May 19, 2013
Part 3: Canyoneering in Arizona
After repacking our gear into our respective vehicles, Sue returned to her home in L.A. Kelly went to meet a friend, Lori, with whom he had a date to attend a dance south of Flagstaff, and they planned to meet us in Flag the following morning.
Mike caravanned with the rest of us to Flag and spent the night with us, before heading on to his home in Albuquerque. In Flag, we spent a night on the “garage-converted-to-all-purpose-room floor of some friends, and in the morning, after a scrumptious bagel breakfast provided by our hosts, we caravanned south of Flag to the Mogollon Rim area. There the flat-lying sedimentary rocks of the Grand Canyon and Colorado Plateau are down-faulted on the south, and there are many canyons to explore. We spent the remainder of the afternoon hiking down into one of them, walking upstream, then back downstream, then back up to the canyon rim.
Not only do trout live in the river, but also crayfish one of which Ron caught.
There on the canyon rim, which is eroded out of the Coconino Sandstone, Ron, Ira, Kelly, Lori and I camped while Joanne, Chandra, and Jen left for their respective homes. With their departure, the social-energy level seemed to drop dramatically, and the five of us had a quiet, low-key campfire.
The following day, Ron, Ira, Kelly and I hiked back down into the same canyon but hiked downstream this time and found some lovely spots for pictures and lots of wading as we had to cross back and forth many times which is typical of Southwest canyons.
We spent that night at the same campsite as the previous one, and the next morning we headed off to a different canyon which has a well-used hiking trail into it. All five of us hiked down into the canyon bottom where there are a series of springs which yield a LOT of water, some spectacular waterfalls, and much more subtle riparian beauty against the backdrop of the arid canyon walls.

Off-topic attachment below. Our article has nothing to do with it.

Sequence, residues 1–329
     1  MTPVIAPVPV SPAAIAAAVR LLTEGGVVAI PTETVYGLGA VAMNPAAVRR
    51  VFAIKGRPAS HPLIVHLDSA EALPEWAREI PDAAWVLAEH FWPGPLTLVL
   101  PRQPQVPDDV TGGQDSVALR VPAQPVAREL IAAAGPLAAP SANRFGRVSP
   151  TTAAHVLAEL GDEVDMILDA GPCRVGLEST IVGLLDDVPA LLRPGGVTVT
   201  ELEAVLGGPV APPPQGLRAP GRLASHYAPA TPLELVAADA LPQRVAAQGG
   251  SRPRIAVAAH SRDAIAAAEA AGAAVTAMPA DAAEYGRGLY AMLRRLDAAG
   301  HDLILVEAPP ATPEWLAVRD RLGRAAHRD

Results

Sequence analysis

I was pleased to have spent most of the day hiking and talking with Kelly about some of the personal growth work that we’ve each done since we last spent quality time together. Much of mine has been with my involvement with the Mankind Project in Hawaii.
The following day, all five of us hiked down a trail to where it crosses the upper portion of a drainage that has eroded a deep slot canyon into the Coconino Sandstone. This upper part of the drainage has a series of barriers of fallen rocks, downed trees, and miscellaneous obstacles which made for slow, uncomfortable going.
We were starting to have our doubts about our correct location when we reached the first rappel. Ron set it up and Kelly rappelled down first, followed by Ira, then me, then Lori, then Ron.
We mostly kept that order of descent since Kelly and Ron were the most experienced at this kind of canyoneering, and Ira wanted to go second, so he could take the pictures he wanted. I was the calm, reassuring presence below Lori that she so appreciated. Ron’s expertise dictated that he go last.
Lori had absolutely no experience doing these kinds of activities, and despite having recovered from 10 years of life with only wheel chair mobility, she was a real trooper. Though fearful at times, she overcame those primordial fears (“The more you lean back, the more stable you’ll be!”), and embraced the unknown below her with courage and grace.
There were 6 rappels in the slot canyon, some into shallow pools, and by the time we emerged into the main canyon, it was fairly late in the day.
Our next task was to find the trail that led back to the rim and our vehicles. Ron found the trail upward almost immediately, and while it was light enough to see easily when we started up, it was fully dark, except for the light of the full moon on the upper portions of the trail, when we finally arrived at our vehicles where we made camp. The following morning, we tried to find another technical canyon nearby that suited our available equipment and our abilities, but to no avail. In the end, we discovered that although we four guys had spent many years exploring Southwest canyons, not one of us had been to Walnut Canyon Nat’l Monument, so we headed there.
Walnut Canyon is a site that was occupied by the Sinagua (“without water”) people, descendants of the Anasazi, who built cliff dwellings there between 1125 and 1250 A.D. Tradition tells that some of them became the ancestors of the Hopi people. The Sinagua people dry-farmed on the canyon rim and built cliff dwellings in the alcoves that were created by the erosion of less-resistant rock layers below.
We spent that night with our Flagstaff friends before heading toward our respective homes the following morning.